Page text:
The saying goes that the difference between arbitration and court is akin to the difference between medical treatment you might receive under the care of the state and as a private patient. Whilst the procedure (and therefore the outcome) may be the same, the experience is different. You have to pay for your qualified arbitrator of choice (again, often a retired judge or practising barrister) but in return you will get a much earlier date for the hearing at a venue of your choice and your arbitrator will be fully engaged in the issue in hand without having to deal with other cases on the day.
As with a court’s decision, the arbitrator’s determination is binding, meaning the parents can be certain the issue will be resolved at the hearing (whereas mediation and ENE require the parties voluntarily to reach an agreement).
Only in circumstances where mediation has failed and one or both parents will not agree to ENE or arbitration, is it really necessary to fall back on court proceedings and this route should be a last resort.
Going to court: Rosie and Trevona in Luxury London
Speaking to Luxury London, Rosie Stewart and Trevona Hettiarachchi noted that a court will only grant an application – made via a Specific Issue Order or a Prohibited Steps Order – if the parents have attempted mediation first.
The benefit of taking the matter to court is that you end up with a binding decision which will provide both parents, and the child, with a definitive resolution to the conflict. The downside is that court proceedings could get costly. If the matter proceeds all the way to a final hearing there will likely already have been three separate court hearings at a significant cost to both parties. It may also take several months for the court to list a final hearing, which leaves the family in a state of prolonged uncertainty.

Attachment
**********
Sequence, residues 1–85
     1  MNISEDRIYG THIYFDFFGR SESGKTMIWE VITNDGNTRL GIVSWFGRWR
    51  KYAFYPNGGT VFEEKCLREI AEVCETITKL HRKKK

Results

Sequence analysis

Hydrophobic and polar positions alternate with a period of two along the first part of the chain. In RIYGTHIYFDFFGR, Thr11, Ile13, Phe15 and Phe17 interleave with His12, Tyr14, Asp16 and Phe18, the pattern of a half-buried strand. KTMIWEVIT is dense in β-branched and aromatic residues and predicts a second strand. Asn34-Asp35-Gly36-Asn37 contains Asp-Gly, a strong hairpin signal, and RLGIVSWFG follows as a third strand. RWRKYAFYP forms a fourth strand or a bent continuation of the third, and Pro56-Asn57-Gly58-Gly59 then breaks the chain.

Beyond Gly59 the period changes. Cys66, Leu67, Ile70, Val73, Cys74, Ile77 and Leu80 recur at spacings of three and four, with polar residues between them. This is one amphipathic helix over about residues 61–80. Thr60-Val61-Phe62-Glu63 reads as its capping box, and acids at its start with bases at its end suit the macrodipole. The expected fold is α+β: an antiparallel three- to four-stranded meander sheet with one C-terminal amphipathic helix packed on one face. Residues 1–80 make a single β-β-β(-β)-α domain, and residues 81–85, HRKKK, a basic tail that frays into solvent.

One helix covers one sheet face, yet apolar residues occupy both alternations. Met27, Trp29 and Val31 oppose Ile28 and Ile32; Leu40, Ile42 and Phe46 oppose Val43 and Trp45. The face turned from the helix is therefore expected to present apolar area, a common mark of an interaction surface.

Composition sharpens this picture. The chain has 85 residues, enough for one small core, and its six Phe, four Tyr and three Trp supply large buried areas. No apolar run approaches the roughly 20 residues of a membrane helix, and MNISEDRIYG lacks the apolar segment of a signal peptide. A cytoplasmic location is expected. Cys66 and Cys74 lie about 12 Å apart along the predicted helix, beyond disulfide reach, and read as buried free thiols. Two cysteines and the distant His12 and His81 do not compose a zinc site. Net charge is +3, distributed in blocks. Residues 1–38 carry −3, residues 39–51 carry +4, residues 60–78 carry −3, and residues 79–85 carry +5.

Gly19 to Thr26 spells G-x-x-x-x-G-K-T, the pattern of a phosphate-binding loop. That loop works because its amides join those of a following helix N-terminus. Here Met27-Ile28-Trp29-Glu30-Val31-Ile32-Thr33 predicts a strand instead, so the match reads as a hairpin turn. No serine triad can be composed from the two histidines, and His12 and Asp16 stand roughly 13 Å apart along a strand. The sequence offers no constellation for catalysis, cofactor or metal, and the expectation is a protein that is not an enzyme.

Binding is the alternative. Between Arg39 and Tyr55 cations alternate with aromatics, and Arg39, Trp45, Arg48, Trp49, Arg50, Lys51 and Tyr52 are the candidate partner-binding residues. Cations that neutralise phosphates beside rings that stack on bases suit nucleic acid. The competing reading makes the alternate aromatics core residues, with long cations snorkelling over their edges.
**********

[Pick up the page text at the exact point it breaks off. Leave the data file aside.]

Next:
The court must consider what is known as the ‘welfare checklist’ set out in the Children Act 1989. This includes the ascertainable wishes and feelings of the child; the child’s physical, emotional and educational needs; the likely effect on the child of any change in their circumstances; any harm the child has suffered or is at risk of suffering; and how capable each of the parents is of meeting the child’s needs.”
Rosie provided this case study: “I had a case where the educational experience of the child’s older siblings was a factor the court took into consideration. The older siblings had been educated at School A. One parent wanted the younger child to go to School A. The other parent did not. The court agreed that the younger child should follow their siblings to School A as to not do so would set the younger child apart from the older siblings in a way that could be harmful to the younger child. I had not come across that line of argument before and thought it interesting.”
Trevona added this: “My most recent experience of a schooling application involved a high achieving child who was sitting their 11+ examinations and while the parents were able to shortlist the secondary schools of choice, they were unable to agree an order of preference pending offers. In the end, having prepared statements and with a matter of weeks to go until the hearing, the child did not receive an offer for the father’s preferred school, so consented to the mother’s choice. It was technically a ‘win’, but bittersweet as the child was completely aware of the conflict involved.”